From the State Vet's Office
by Tony Frazier
We use signs such as "KEEP OUT," "NO TRESPASSING," and "NO ADMITTANCE" to keep people out of places they do not need to be. For even more security, we use locked gates, locked doors, high fences with barbed wire at the top, and guards posted at entrances to restricted facilities. If you have traveled on a commercial airline in the past few years, you know how security personnel scrutinize everything that is brought onto the plane to make sure that nothing that could potentially harm the aircraft or other passengers is allowed. Unfortunately, none of these measures will keep the Avian Influenza virus out of our borders.
There are, however, strategic actions that have been put into place by the USDA, as well as by individual states, that will help minimize the risk of the virus entering our country. For example, no poultry or poultry products are allowed in the United States from countries that have Avian Influenza. However, the risk cannot be completely negated, even by the most sound prevention practices. In a world where a person can be at a live bird market in China today and back at his home here in the U. S. tomorrow, we must remain vigilant and ready to respond quickly and decisively if highly pathogenic Avian Influenza that has plagued many countries in Asia and other parts of the world occurs here.
So, what are we doing about Avian Influenza in Alabama? The big picture of our Avian Influenza program has three components: 1) an early warning or surveillance program; 2) an emergency response plan; 3) a public education program.
Alabama has had an Avian Influenza surveillance program since 1980 through our veterinary diagnostic laboratory system. Testing has increased in 1988, 1994, 2002, and 2005. There is another increase planned for 2006. These tests are performed on both commercial and backyard flocks. During fiscal year 2005, there were 62,525 birds tested from 4,489 flocks. Out of these, 429 noncommercial flocks were tested, including birds from backyard flocks, auctions, flea markets and other groupings of poultry. All tests have been negative.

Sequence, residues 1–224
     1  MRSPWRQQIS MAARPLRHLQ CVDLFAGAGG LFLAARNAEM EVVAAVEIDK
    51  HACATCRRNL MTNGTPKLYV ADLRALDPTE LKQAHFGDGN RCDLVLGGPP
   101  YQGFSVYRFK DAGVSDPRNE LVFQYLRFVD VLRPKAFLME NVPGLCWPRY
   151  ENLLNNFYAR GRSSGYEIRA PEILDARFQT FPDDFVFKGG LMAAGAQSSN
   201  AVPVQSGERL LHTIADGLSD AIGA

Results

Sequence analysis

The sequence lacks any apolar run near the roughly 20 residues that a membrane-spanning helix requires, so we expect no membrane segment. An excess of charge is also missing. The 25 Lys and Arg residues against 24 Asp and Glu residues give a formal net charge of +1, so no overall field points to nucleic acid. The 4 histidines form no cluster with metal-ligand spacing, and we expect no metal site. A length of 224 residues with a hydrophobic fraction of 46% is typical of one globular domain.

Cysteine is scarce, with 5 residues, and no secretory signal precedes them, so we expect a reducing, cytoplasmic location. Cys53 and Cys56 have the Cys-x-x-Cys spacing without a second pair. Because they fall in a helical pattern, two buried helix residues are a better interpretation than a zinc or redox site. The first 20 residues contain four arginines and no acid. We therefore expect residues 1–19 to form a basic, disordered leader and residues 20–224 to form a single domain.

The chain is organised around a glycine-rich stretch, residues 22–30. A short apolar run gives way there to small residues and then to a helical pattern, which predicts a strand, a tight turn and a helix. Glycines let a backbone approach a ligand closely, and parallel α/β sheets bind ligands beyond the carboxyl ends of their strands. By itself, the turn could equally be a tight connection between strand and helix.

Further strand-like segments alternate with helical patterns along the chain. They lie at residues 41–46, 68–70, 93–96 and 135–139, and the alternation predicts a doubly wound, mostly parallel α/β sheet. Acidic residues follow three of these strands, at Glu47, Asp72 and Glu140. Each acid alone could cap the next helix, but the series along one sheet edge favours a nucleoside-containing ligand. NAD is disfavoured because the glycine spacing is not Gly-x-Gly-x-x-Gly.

Our diagnostic labs are equipped with state-of-the-art diagnostics that allow for very rapid tests results including virus isolation, DNA tests and serologic blood tests. The laboratory system has five board-certified specialists in poultry diseases who routinely conduct post mortem examinations on poultry and other birds. There are five laboratory veterinarians and one animal industry staff veterinarian as well as four USDA veterinarians in the state who have trained at the Foreign Animal Disease Facility at Plum Island, New York. The training at that facility includes hands-on training with highly pathogenic Avian Influenza. Therefore, we are actively looking for and have the ability to recognize and diagnose the disease if it does occur in Alabama.
Secondly, we have a written detailed response plan as to how we in the state of Alabama will respond if Avian Influenza occurs either in Alabama or in some other state. This plan spells out such areas as quarantines, stop movements, testing, carcass disposal, and other regulatory issues involving highly pathogenic Avian Influenza. The Alabama Department of Agriculture and Industries, through the State Department of Homeland Security is purchasing personal protective equipment (PPE) that would allow our field personnel to work with infected flocks. We are currently in the process of enhancing the plan to include input from the Alabama Department of Public Health. Our department has also participated in a number of exercises that involved a pretend outbreak of Avian Influenza.
The final component of our program is that of public education. While there is absolutely no way to predict the outcome of a highly pathogenic Avian Influenza outbreak, we feel that it is vitally important to keep the public informed about the factual aspects of the disease. It is difficult to sort through all of the information that comes from virtually every media outlet in order to make sense of it all.
Recently, Commissioner Sparks and the Alabama Department of Public Health conducted a press conference to answer questions about the disease. The Department also produces press releases when significant Avian Influenza information is generated that could affect the state. We are also in the process of putting together a brochure containing facts about the disease. That brochure will be made available to various outlets through out the state early next year.
So, while we hope that highly pathogenic Avian Influenza does not visit our borders, we are not sitting on our hands waiting to see what happens. We are on the front line watching for and preparing for the disease. And, yes we do carry a four-leaf clover for good luck.